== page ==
Julia Boorstin joined CNBC in May 2006 as a general assignment reporter. Later that year, she became CNBC's media and entertainment reporter working from CNBC's Los Angeles Bureau. Boorstin covers media with a special focus on the intersection of media and technology.
In 2013, Boorstin created and launched the CNBC Disruptor 50, an annual list highlighting the private companies transforming the economy and challenging companies in established industries. Additionally, she reported a documentary on the future of television for the network, "Stay Tuned…The Future of TV."
Boorstin joined CNBC from Fortune magazine where she was a business writer and reporter since 2000. During that time, she was also a contributor to "Street Life," a live market wrap-up segment on CNN Headline News.
In 2003, 2004 and 2006, The Journalist and Financial Reporting newsletter named Boorstin to the "TJFR 30 under 30" list of the most promising business journalists under 30 years old. She has also worked for the State Department's delegation to the Organisation for Economic Co-operation and Development and for Vice President Gore's domestic policy office.
She graduated with honors from Princeton University with a B.A. in history. She was also an editor of The Daily Princetonian.
Follow Julia Boorstin on Twitter @jboorstin.
A rebound in advertising and strong performance at News Corp's networks led the media giant to beat expectations. Adjusted earnings came in at 29 cents per share, a penny higher than analysts expected and up from adjusted EPS of 25 cents a year ago.
It's a busy day for Rupert Murdoch - he launched his long-awaited iPad-only news app "The Daily" and News Corp will report quarterly earnings after the bell.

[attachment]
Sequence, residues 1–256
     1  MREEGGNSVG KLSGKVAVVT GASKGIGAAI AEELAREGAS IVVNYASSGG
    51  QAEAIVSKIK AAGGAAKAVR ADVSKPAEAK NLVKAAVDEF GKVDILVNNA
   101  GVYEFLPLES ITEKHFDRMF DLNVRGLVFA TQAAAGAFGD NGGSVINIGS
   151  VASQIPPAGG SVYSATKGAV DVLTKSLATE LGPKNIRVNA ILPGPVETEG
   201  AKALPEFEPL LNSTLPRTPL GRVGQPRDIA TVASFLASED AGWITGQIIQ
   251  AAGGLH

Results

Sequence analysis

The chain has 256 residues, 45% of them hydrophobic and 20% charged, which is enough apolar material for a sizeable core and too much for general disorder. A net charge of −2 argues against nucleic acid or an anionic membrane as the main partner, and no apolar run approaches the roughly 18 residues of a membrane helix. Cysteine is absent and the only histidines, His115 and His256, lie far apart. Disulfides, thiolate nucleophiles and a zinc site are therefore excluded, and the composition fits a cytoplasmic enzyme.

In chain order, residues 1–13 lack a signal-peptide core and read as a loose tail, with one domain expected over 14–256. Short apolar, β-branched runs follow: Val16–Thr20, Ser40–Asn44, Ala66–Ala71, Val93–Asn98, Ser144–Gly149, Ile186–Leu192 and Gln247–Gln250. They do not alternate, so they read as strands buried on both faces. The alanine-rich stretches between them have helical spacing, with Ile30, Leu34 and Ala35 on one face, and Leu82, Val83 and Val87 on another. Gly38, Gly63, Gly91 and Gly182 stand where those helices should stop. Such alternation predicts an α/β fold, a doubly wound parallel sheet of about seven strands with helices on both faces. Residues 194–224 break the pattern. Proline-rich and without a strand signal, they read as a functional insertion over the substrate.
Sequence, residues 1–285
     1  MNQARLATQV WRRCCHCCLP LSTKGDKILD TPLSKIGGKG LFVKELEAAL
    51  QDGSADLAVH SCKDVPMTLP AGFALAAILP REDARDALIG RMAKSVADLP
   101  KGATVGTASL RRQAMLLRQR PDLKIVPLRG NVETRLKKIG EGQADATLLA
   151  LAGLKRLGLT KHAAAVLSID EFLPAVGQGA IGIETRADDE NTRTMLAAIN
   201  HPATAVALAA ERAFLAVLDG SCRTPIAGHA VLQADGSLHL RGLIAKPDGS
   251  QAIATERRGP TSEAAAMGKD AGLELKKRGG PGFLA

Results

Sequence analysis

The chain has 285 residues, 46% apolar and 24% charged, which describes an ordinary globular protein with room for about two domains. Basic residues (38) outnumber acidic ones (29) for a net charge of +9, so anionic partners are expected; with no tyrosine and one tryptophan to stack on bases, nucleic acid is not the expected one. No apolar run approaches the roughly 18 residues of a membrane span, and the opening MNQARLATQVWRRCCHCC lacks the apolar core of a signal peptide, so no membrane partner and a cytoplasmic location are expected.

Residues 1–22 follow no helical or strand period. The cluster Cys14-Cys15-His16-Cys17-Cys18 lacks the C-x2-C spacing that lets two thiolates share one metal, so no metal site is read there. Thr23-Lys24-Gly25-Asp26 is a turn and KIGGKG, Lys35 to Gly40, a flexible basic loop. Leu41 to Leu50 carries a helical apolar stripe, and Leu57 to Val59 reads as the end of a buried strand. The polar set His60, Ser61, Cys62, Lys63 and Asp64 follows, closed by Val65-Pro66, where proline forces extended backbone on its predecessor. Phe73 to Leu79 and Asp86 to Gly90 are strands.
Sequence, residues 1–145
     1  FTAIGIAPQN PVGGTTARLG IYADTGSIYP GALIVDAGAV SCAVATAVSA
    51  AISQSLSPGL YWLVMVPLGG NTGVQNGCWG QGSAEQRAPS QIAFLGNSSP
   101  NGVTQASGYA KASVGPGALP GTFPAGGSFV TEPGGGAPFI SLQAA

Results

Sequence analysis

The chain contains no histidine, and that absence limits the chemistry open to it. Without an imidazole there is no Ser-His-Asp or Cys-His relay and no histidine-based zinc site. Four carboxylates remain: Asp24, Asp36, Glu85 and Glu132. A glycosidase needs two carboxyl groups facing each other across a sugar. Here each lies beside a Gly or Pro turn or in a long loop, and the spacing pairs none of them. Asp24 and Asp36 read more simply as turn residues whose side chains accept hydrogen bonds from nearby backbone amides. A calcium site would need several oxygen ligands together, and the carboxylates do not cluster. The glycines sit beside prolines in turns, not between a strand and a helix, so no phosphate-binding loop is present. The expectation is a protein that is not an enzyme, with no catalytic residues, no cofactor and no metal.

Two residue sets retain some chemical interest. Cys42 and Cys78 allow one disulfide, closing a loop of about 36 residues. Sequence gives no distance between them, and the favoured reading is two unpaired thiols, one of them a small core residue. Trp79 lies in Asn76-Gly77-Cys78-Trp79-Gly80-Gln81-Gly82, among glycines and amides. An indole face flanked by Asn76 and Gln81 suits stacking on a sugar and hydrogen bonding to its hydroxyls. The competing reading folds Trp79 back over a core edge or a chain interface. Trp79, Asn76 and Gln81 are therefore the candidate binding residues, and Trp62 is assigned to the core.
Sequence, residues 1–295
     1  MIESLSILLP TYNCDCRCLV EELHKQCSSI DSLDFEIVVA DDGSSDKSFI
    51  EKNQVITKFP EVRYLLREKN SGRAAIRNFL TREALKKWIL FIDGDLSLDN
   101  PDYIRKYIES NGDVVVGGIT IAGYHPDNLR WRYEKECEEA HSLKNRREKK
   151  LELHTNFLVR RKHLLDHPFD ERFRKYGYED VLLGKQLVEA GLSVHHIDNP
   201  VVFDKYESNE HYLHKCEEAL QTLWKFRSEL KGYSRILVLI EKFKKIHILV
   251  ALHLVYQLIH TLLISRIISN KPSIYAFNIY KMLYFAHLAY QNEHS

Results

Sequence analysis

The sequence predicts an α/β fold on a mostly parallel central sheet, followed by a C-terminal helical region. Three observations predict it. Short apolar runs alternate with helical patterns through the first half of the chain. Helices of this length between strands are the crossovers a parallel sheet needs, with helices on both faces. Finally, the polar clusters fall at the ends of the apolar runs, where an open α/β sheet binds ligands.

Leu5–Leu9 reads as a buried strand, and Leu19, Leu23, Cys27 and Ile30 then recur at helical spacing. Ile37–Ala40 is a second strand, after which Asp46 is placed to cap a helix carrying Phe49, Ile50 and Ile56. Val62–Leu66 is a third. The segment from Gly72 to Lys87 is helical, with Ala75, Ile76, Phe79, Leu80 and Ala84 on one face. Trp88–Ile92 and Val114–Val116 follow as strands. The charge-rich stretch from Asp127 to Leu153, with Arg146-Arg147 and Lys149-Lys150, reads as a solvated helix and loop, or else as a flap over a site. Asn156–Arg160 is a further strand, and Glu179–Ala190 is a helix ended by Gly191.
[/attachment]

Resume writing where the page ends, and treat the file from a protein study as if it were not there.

Time Warner's stock is soaring — now up over 8 percent — on strong fourth quarter results and an upbeat outlook for 2011 that tops Wall Street expectations. Earnings per share grew 22 percent, on eight percent higher revenue, driven by higher advertising, subscriptions and content revenue, especially at its cable networks.
Electronic Arts stock has shot through the roof in after hours trading—now up about 10 percent. Investors are reacting to a laundry list of better-than-expected news.
Today Deloitte released its annual "State of the Media Democracy" survey; it showed which media and companies are dominating in this new digital landscape.
Electronic Arts reports its fiscal third quarter earnings after the bell; Wall Street's eagerly looking for signs of growth following a year when video game software sales declined.
A new stat on copyright infringement released today is shocking: 23.8 percent of all global Internet traffic involves digital theft with BitTorrent accounting for 11.4 percent.
Gannett, the publisher of USA Today, is considered a bellwether for the newspaper industry, and the news isn't good.
LivingSocial is making major gains on its bigger rival, Groupon, which dominates the daily deals space with 50 million users. Once a distant second, LivingSocial's big discount offer from Amazon, which invested $175 million in the company, really put it on the map. LivingSocial added five million subscribers in January, hitting 20 million subscribers.
LinkedIn has filed its S-1 with the SEC, the first step towards an initial public offering for up to $175 million.
Comedies, spin-offs and reboots are poised to dominate TV this season if social media engagement is any indication.
Tom Hardy will portray the comic book anti-hero Venom in Sony's first-ever feature-length "Spider-Man" spin-off.
A survey of CEOs and founders of CNBC's Disruptor 50 companies reveals the top concern is staffing challenges.
Everyone thinks Roger Ailes was a staunch conservative, but that wasn't really the case. says Jake Novak.
Get the best of CNBC in your inbox
A look at 50 private companies set to reshape the business landscape.
A look at how leading portfolio managers and institutional investors build investment plans to meet clients’ goals.
Business icons and provocateurs share their innovative models. Learn how to upend old industries and start new ones that move markets.